I have measured the voltage of some files with an oscilloscope, and they max out at 1.2v pk-pk when I set my volume on loudest.

However, how can I make sure that's the maximum voltage that's possible? Would there be any case where it would produce more voltage? I'm going to hook it up with a digital-analog converter, and I don't want to burn it. I guess I could always check the signal with an oscilloscope before I connect it to the DAC, but that would be too much of a hassle...

Also, I read that I should be looking at the RMS voltage because that will determine whether it'll burn it or not. Why is that?

  • \$\begingroup\$ It might be helpful if you told us the manufacturer and model number of the sound card. What do you mean when you say you are connecting it to a DAC? What are you afraid of "burning", the soundcard or the DAC? What are the specifications of the DAC? \$\endgroup\$
    – Joe Hass
    Oct 25, 2013 at 1:28
  • \$\begingroup\$ Any normal DAC should have no problems accepting input from a sound card. The voltage range is more or less standardized. Furthermore, you'll probably be using S/PDIF to connect DAC to soundcard and if the soundcard supports S/PDIF it will be capable of providing correct voltage levels. Analog signals you seem to have measured are not used to communicate with a DAC. \$\endgroup\$
    – AndrejaKo
    Oct 25, 2013 at 6:11
  • \$\begingroup\$ There is a possibility that sam means DAQ (as in data acquisition), something that phonetically sounds a lot like DAC but is actually an ADC. I've seen this confusion a lot of times before on ee.se \$\endgroup\$
    – user36129
    Oct 25, 2013 at 8:28
  • \$\begingroup\$ Hi guys, yes it's a ADC, I'm sorry I got that wrong. I see the analog input range says +-10v, +-5v, +-2v and +-1V, and a gain of 1, 2, 5, 10. \$\endgroup\$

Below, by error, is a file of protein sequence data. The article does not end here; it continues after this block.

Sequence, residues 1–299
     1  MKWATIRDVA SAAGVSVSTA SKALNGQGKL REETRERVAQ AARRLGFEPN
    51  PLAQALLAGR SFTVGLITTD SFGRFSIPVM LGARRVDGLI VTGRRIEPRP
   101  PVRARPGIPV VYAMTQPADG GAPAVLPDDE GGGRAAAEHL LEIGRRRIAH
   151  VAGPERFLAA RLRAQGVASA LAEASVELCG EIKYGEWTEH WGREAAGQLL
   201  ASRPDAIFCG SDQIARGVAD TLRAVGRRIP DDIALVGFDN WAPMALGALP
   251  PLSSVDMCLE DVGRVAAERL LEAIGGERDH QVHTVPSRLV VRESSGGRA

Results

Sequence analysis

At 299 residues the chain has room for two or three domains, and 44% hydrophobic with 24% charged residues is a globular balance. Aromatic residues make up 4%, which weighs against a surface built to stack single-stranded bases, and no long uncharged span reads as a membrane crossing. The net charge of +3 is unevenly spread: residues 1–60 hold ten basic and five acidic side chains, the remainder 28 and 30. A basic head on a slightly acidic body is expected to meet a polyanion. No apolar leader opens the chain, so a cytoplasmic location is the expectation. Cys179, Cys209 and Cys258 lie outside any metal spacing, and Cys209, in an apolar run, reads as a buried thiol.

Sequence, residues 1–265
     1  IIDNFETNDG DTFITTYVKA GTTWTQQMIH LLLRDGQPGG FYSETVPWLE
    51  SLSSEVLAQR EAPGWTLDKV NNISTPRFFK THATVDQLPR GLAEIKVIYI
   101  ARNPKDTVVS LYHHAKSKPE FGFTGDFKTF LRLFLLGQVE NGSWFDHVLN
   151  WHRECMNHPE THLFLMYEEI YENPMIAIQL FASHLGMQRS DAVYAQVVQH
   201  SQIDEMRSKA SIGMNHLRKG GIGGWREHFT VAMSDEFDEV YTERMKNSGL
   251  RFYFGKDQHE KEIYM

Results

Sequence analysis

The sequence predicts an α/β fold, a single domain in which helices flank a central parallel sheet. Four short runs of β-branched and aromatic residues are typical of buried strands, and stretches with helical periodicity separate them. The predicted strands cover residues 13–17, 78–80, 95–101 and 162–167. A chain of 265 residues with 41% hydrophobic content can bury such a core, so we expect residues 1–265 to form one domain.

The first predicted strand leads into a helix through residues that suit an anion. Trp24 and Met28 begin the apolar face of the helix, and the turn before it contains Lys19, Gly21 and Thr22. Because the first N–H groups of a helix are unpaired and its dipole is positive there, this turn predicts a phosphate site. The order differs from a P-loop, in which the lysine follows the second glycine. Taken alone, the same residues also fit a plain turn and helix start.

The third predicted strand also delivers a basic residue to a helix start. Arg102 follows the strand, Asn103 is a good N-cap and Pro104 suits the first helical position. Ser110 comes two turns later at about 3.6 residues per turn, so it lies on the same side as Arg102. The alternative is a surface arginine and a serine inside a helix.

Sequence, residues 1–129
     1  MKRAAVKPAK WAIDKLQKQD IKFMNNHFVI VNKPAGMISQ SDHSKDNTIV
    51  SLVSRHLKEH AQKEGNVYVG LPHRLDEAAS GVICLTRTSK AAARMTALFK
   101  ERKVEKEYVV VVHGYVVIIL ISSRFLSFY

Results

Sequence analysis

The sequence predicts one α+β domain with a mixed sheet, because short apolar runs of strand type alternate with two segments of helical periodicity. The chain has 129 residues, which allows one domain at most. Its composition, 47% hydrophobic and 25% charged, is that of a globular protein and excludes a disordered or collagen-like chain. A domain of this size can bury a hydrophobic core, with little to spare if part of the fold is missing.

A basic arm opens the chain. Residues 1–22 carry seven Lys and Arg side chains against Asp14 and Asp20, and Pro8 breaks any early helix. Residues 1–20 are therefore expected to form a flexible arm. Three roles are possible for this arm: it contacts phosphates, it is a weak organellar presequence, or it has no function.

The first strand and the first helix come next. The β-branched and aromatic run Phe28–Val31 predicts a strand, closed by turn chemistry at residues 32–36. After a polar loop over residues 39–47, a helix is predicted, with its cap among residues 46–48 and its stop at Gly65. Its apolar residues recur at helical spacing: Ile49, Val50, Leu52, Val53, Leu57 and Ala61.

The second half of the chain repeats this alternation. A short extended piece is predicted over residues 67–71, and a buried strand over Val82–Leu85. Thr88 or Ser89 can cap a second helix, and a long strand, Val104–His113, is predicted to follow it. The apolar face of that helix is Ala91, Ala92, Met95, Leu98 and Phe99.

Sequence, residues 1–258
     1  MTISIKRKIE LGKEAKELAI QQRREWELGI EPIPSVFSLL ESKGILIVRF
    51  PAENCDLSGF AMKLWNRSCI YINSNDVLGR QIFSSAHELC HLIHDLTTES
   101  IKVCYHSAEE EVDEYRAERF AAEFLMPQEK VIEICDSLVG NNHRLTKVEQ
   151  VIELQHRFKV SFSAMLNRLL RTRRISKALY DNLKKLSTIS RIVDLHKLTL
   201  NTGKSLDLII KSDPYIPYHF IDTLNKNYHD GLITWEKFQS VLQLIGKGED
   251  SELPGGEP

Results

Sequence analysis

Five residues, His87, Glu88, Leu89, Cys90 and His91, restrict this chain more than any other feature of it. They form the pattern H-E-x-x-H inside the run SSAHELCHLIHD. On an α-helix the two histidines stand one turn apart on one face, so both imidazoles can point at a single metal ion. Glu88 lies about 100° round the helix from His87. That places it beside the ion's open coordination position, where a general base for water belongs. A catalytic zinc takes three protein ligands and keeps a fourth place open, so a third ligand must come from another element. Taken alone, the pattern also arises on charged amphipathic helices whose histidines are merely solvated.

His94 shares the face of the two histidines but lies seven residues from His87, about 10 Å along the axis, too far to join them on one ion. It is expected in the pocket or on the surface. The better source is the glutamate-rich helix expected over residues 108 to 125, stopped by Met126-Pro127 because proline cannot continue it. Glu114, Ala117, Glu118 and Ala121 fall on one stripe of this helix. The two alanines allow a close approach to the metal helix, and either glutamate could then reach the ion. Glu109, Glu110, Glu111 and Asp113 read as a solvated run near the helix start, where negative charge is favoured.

– sam
    Oct 25, 2013 at 23:02

1 Answer 1


First: DAC or ADC ? DAC makes no senses in your question here.

Second: you could always protect the input of the things you want to plug into your soundcard. Basic over voltage protection is easy achieve with a zener diode and a resistor.

Third: In fact input protection is compulsory here. You are talking about hot plugging something. Which means manipulation of the connectors, connecting things that are not at the same potential during the plugging etc. This is where a ESD discharges from the user or between the components may destroy your device. It's not a problem for the sound card which should be correctly protected otherwise it wouldn't have passed the norms.

  • \$\begingroup\$ Hi, it's a ADC! I see the analog input range says +-10v, +-5v, +-2v and +-1V, and a gain of 1, 2, 5, 10. I'm guessing it's just regulating output to 10v. That shouldn't matter since I'm connecting it to my computer through a usb. However, on the otherhand, I'm sticking bare wires into the ADC from a cut pair of heaphones... -so, I would need to know the max voltage of my soundcard output. \$\endgroup\$
    – sam
    Oct 25, 2013 at 23:04
  • \$\begingroup\$ also, how would you think I could minimize noise through ADC connection? During the actual implementation, I would be recording extremely small pulses, and I would want there to be little to no electromag interference... \$\endgroup\$
    – sam
    Oct 25, 2013 at 23:07

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